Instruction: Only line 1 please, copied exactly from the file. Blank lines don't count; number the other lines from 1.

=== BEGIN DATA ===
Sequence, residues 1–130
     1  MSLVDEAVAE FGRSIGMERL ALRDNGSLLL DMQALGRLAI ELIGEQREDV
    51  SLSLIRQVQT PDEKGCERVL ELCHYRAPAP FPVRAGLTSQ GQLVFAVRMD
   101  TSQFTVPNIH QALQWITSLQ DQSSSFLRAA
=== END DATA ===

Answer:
Sequence, residues 1–130